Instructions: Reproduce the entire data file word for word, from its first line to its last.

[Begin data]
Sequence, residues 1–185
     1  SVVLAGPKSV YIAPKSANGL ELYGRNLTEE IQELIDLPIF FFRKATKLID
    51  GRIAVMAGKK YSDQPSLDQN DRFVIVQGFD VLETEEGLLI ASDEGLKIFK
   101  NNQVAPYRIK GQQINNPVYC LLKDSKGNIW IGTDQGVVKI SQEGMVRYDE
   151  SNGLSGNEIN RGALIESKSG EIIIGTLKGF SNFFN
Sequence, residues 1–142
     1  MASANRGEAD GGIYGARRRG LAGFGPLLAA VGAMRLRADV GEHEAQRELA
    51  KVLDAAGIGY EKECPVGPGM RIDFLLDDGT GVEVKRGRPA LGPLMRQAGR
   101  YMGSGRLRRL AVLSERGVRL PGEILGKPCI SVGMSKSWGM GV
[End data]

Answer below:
Sequence, residues 1–185
     1  SVVLAGPKSV YIAPKSANGL ELYGRNLTEE IQELIDLPIF FFRKATKLID
    51  GRIAVMAGKK YSDQPSLDQN DRFVIVQGFD VLETEEGLLI ASDEGLKIFK
   101  NNQVAPYRIK GQQINNPVYC LLKDSKGNIW IGTDQGVVKI SQEGMVRYDE
   151  SNGLSGNEIN RGALIESKSG EIIIGTLKGF SNFFN
Sequence, residues 1–142
     1  MASANRGEAD GGIYGARRRG LAGFGPLLAA VGAMRLRADV GEHEAQRELA
    51  KVLDAAGIGY EKECPVGPGM RIDFLLDDGT GVEVKRGRPA LGPLMRQAGR
   101  YMGSGRLRRL AVLSERGVRL PGEILGKPCI SVGMSKSWGM GV